Baby Sleep Guide, Part 1: Setting Expectations and Good Sleep Habits from Day One
This is Part One of a two-part series on baby sleep. For Part Two: Sleep Training 101, click here
I’m going to be honest: this is an article that I’ve been dreading writing.
Why? As a pediatrician, I should be thrilled by the chance to help parents and their children sleep better. But I also know that sleep poses an almost universal problem, a struggle for millions of babies and parents, very few of whom find satisfying answers in the dozens of baby sleep books that are out there.
So, you know, no pressure or anything!
One problem is that good sleep can often seem like something that’s totally out of your hands. One of my mentors, a wise pediatrician named Dr. David Nelson, once told me “so much of sleep has to do with the temperament of the baby.” Feisty kids tend to be feisty sleepers, mellow kids are mellow sleepers, and most babies are somewhere in between.
But does that mean that it’s just the luck of the draw—that if you’re up all night long with a rough sleeper, there’s nothing you can do but simply accept your fate?
Luckily, there is plenty that you can do as a parent to either prep your baby early on for good sleep habits, or to help guide your baby to a comfortable place if sleeping has already become an issue.
I think we all step into this parenting thing knowing that newborns are up a lot at night. But beyond that, what exactly should a parent expect over the first few months of babyhood?
Newborns typically wake up to eat every two to three hours, sometimes even every hour in the evening (a process called “cluster feeding”). They’ll often fall asleep after they eat in these first few weeks.
Babies can also have day and night reversed for the whole first month. If you think about it, when the baby was in the womb, she spent nine months being rocked to sleep whenever her mom moved around in the daytime—that’s why many pregnant women feel their babies kicking when they sit down to read or watch TV at night. It takes a few weeks for your baby to break that habit. To help speed things along, keep quiet and have the lights dim or off during night feedings. In the daytime, live a normal, bright, noisy life instead of tiptoeing around while the baby naps. Taking these simple steps can help ensure that your baby will have days and nights figured out by somewhere around a month or shortly thereafter.
Around two months, most babies are sleeping for two- to four-hour stretches at night and taking catnaps of varying times during the day. But this is where some babies start to stand out from the crowd and begin sleeping for six- or even eight-hour stretches. I call these guys “magic babies.” They are definitely not the average two-month-old, yet it seems like we all have a sibling or friend whose kid started sleeping like a champ at two months. That’s why this is about the time that some parents start to worry that they’re doing something wrong and might reach out to a sleep book for the first time. (Pro tip: if you have a “magic baby,” don’t tell anyone unless you want to make frenemies fast!)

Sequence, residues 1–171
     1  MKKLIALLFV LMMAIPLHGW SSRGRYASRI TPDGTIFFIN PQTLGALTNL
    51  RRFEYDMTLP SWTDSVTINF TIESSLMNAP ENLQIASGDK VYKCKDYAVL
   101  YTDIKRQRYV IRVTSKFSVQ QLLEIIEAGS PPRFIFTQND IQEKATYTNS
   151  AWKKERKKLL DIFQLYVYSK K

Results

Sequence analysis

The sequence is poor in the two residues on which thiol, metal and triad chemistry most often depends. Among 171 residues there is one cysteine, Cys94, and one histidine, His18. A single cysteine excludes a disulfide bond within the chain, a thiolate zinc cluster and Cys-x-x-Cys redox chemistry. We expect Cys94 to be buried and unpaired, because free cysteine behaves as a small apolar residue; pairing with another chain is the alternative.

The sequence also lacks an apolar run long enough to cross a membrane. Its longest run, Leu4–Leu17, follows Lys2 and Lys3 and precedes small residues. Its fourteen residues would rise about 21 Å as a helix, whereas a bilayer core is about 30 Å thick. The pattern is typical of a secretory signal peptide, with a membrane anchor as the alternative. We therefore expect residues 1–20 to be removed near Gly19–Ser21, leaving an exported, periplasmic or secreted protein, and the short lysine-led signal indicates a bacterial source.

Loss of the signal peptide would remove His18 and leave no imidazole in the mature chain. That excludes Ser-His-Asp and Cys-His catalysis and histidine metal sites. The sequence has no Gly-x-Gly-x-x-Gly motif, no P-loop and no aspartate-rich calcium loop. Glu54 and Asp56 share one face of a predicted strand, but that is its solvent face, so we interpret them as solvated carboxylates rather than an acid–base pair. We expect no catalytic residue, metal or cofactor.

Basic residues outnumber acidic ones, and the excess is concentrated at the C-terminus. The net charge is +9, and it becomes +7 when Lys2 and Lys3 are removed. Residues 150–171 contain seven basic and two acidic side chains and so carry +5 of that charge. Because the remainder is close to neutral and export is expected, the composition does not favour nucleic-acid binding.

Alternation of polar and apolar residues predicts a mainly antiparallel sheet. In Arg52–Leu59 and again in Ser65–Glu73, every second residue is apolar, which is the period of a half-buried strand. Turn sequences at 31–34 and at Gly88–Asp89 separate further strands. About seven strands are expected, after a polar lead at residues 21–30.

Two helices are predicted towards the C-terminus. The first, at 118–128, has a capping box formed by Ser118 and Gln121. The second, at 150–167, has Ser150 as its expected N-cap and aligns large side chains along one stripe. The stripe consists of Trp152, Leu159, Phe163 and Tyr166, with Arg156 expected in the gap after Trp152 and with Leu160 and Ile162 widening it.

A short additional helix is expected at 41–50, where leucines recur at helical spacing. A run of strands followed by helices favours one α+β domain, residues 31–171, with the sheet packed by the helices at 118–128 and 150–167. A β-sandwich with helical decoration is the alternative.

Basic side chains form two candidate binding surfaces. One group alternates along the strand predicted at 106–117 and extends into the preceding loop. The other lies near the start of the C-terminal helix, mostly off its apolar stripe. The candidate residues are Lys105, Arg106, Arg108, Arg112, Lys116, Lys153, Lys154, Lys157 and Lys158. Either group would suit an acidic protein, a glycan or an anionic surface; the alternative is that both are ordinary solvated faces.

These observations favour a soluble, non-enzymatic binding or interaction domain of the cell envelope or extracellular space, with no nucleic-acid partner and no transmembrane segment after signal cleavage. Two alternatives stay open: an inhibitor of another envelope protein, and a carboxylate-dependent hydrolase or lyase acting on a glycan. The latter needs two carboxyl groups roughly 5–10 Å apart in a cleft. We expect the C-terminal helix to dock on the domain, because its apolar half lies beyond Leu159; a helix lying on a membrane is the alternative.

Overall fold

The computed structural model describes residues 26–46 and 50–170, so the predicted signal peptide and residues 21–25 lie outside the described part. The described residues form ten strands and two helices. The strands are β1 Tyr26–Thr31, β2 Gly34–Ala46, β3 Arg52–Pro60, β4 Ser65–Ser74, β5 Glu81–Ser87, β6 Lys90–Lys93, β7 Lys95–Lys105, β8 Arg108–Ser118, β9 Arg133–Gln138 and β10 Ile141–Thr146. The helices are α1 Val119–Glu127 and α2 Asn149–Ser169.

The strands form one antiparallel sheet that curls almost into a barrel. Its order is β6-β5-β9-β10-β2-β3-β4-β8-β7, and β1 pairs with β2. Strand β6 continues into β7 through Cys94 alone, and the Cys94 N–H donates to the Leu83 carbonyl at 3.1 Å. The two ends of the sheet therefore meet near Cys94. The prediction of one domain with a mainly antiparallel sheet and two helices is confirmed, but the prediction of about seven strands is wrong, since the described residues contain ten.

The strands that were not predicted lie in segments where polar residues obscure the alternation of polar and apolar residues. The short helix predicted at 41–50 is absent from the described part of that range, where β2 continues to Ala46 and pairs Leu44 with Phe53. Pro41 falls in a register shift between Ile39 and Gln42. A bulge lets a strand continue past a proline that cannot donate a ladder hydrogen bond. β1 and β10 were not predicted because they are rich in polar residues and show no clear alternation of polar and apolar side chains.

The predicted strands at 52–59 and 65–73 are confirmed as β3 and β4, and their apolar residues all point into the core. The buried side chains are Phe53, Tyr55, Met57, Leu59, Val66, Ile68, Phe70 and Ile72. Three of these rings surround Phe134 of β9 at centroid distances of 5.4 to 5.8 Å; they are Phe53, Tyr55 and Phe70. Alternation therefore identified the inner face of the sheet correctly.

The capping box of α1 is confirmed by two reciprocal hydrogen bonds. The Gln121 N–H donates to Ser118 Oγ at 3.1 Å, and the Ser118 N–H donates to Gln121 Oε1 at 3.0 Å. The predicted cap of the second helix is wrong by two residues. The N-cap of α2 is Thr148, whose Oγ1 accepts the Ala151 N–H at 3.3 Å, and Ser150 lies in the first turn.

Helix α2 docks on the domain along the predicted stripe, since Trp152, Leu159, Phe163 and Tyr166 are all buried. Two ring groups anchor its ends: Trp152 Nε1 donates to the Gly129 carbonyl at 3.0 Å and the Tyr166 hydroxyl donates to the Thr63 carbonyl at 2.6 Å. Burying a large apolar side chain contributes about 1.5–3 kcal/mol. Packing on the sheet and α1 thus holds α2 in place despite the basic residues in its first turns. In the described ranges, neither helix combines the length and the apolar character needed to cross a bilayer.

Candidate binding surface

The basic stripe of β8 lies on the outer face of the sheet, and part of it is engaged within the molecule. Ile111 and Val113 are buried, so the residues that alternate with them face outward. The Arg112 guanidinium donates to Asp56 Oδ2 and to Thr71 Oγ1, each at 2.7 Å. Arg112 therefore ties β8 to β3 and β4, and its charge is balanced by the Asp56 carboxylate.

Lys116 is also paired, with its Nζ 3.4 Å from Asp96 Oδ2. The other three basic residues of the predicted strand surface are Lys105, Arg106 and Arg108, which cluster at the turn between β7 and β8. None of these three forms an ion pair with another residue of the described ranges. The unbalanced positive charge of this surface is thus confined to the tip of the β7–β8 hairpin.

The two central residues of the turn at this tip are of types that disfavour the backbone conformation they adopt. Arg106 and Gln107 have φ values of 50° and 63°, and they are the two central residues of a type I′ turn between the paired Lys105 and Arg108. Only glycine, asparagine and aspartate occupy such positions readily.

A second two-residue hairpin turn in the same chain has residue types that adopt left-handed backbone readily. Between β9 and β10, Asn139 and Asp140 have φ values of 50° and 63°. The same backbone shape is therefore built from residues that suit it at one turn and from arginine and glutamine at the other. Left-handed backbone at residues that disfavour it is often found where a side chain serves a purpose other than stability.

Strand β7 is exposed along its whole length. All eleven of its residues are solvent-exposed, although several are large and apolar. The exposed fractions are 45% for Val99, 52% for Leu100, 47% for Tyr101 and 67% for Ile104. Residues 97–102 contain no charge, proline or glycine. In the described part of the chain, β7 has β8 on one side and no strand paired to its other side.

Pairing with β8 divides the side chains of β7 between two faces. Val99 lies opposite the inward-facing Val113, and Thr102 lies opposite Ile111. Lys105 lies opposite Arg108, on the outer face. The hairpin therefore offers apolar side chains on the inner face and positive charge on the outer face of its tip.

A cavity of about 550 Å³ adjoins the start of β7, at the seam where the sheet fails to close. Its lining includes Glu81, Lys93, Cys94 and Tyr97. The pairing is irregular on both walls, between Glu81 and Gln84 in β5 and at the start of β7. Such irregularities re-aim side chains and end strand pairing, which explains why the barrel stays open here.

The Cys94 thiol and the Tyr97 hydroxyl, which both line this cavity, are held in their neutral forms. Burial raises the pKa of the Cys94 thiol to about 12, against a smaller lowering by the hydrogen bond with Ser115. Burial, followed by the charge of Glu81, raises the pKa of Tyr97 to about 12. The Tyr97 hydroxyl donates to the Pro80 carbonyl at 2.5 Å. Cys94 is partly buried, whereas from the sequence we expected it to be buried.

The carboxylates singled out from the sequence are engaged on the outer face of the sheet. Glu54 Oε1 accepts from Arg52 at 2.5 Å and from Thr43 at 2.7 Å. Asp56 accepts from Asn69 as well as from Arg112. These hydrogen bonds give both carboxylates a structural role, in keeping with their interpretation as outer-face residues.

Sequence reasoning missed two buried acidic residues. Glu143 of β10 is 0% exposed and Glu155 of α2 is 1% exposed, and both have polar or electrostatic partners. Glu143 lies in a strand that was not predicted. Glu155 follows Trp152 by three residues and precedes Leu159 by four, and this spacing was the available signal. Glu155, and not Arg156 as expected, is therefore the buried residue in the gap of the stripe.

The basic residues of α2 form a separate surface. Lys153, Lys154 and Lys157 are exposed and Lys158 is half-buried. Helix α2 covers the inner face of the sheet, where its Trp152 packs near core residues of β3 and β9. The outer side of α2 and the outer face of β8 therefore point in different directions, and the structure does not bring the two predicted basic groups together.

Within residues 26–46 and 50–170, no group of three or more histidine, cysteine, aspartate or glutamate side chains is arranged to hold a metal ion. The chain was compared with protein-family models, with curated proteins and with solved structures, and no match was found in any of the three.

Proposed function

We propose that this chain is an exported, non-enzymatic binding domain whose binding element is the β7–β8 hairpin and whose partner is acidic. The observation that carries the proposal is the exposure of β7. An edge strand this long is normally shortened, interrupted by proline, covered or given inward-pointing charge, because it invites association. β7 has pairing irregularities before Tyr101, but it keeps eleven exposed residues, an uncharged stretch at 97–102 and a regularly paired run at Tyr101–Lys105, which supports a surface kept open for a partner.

Somewhere between four and six months, those catnaps start to coalesce into more fixed, scheduled naps. In babies under this age, you might see that their naps fit a pattern—that your baby is awake for a certain amount of time (say, an hour or an hour and a half) pretty routinely before he’s ready for a nap. The time of day might vary, but the time between the naps is roughly the same. Starting around four to six months, however, you’ll see that your baby’s naps fit more of a schedule—that you can look at a clock and say, “Oh, it’s 10:00, it’s time for a nap.” You’ll begin to see that your baby’s naps start to follow the time of day, and you might end up with one long nap, one short nap, and one somewhere in between.
This is also around the time that even those babies who aren’t “magic babies” might start to sleep through the night. But what does “through the night” really mean? You may want to sit down for this… Technically, through the night at 4-6 months is actually just 4-6 hours. Yup, I know. What’s worse is that the longest stretch is usually the first stretch of sleep, after which most babies are up every 2-3 hours. This means that most parents don’t really get to enjoy a long stretch—if you put the baby down and then you stay up for a couple of hours, even if your baby is sleeping 4-6 hours “through the night,” you are essentially up every two or three hours each night.
Yet even this less-satisfying definition of “through the night” can be disrupted around four months because of the dreaded “4-month sleep regression.” The occasional longish stretch of sleep that you may have gotten at three months is now out the window. In its place is a baby who’s harder to put down to sleep and is waking up at random times. Another sleep regression occurs around nine months. At both ages, your baby is going through a lot of impressive developmental milestones (smiling, giggling at four months; crawling and more at nine), his brain is maturing, and sleep patterns change.
It’s during the 4-month sleep regression that most parents start to think about sleep training their baby.
But is there anything you can do before then to help set up good habits from the start?